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Reid said he spoke briefly to Boehner at an event they both attended last week and urged him to pass a two-year bill, which would be easier to conference.
“That’s about the extent of our conversation,” Reid said.
Reid has complained that Republicans have filed more than 100 amendments to the bill and that most are not related to transportation issues, which he believes amounts to a filibuster by amendment.
Schumer said Republicans have not been negotiating in good faith and are focused on appeasing the most extreme right wing of their caucus, which questions the spending in the bill.
“When we offer the Senate Republicans votes on their amendments, and they have asked us for a bunch of tough votes ... but we say, ‘If we agree to those votes, will you let us move forward on the bill?’ And they don’t give us that commitment at all,” said Schumer, who is head of the Senate Democrats’ policy and communications operation.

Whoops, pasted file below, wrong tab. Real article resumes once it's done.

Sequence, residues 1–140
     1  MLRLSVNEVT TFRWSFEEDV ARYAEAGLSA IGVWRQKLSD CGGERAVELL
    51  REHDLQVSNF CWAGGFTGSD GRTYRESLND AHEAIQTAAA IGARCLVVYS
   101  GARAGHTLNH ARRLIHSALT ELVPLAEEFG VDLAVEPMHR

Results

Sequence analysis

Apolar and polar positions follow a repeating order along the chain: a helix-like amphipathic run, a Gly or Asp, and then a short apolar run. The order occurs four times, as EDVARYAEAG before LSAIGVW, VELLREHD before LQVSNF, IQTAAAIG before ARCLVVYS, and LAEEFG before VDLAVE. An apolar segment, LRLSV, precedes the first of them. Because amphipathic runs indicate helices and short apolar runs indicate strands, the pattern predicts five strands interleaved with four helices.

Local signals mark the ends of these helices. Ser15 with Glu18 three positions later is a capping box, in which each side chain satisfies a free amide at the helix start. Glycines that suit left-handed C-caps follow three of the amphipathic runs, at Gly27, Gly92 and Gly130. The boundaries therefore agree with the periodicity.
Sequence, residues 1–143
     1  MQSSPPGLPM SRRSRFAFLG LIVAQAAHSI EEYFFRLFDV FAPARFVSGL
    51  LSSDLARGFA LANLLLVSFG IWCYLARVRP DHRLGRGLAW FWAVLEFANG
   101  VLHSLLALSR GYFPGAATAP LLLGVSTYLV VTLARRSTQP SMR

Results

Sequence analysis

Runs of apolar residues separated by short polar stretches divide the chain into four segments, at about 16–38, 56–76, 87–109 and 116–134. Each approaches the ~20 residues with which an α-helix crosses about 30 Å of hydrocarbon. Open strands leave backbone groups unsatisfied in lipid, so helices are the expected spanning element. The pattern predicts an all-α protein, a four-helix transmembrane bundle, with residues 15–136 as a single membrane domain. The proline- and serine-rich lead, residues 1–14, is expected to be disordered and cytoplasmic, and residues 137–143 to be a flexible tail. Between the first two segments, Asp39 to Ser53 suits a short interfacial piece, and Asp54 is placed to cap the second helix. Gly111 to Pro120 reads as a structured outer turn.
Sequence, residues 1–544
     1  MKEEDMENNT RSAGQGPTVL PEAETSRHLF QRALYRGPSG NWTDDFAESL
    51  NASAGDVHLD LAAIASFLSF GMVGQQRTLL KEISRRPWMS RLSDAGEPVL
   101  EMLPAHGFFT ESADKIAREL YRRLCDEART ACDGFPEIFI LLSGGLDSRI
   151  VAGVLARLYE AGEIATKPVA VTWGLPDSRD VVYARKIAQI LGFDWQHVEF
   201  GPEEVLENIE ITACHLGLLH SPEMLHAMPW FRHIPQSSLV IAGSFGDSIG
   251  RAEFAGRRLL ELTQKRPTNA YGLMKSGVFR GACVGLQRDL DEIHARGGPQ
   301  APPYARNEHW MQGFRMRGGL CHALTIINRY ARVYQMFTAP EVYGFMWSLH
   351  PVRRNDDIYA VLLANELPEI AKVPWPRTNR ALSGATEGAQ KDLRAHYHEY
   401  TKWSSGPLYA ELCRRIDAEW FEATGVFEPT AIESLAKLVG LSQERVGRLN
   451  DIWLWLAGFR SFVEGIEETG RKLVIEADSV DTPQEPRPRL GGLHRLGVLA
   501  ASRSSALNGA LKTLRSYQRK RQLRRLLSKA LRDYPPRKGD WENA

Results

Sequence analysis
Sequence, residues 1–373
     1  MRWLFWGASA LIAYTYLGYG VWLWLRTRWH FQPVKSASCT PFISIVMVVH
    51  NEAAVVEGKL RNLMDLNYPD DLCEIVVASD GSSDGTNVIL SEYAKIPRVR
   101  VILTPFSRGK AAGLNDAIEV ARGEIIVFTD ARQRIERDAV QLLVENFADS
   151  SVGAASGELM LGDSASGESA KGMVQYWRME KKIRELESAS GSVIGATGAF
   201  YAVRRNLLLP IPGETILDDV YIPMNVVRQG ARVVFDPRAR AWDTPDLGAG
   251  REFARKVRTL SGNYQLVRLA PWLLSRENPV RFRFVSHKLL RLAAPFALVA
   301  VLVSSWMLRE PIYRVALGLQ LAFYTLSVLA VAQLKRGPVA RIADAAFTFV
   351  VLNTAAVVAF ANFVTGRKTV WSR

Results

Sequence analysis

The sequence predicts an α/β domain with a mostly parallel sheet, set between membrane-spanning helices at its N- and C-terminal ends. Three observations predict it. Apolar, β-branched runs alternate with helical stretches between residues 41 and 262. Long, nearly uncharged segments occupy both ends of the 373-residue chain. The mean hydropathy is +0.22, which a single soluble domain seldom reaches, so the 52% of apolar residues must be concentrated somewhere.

Senate Republicans argue that it is Democrats who have chosen to take a partisan position regarding the bill.
A Republican Senate aide said Democrats could have moved the process forward by choosing some bipartisan amendments out of the 100 that have been offered. But Democrats have chosen not to, the aide said.
“Democrats are in charge; they set the schedule,” the GOP aide said.
So far, the Senate has voted on only one amendment to the bill — a GOP proposal that would have allowed companies and insurance providers to opt out of mandated birth control coverage for religious reasons. It was killed on a 51-48 vote last week.
Reid indicated that there would not likely be a vote on an amendment from Sen. Mike Johanns (R-Neb.) to strip out language that would allow the Nevada Department of Transportation to use funds from a 2005 unspent earmark.
“I don’t think I have a plan on doing much about it, so that should answer your question,” Reid said when asked about the amendment.comments powered by Disqus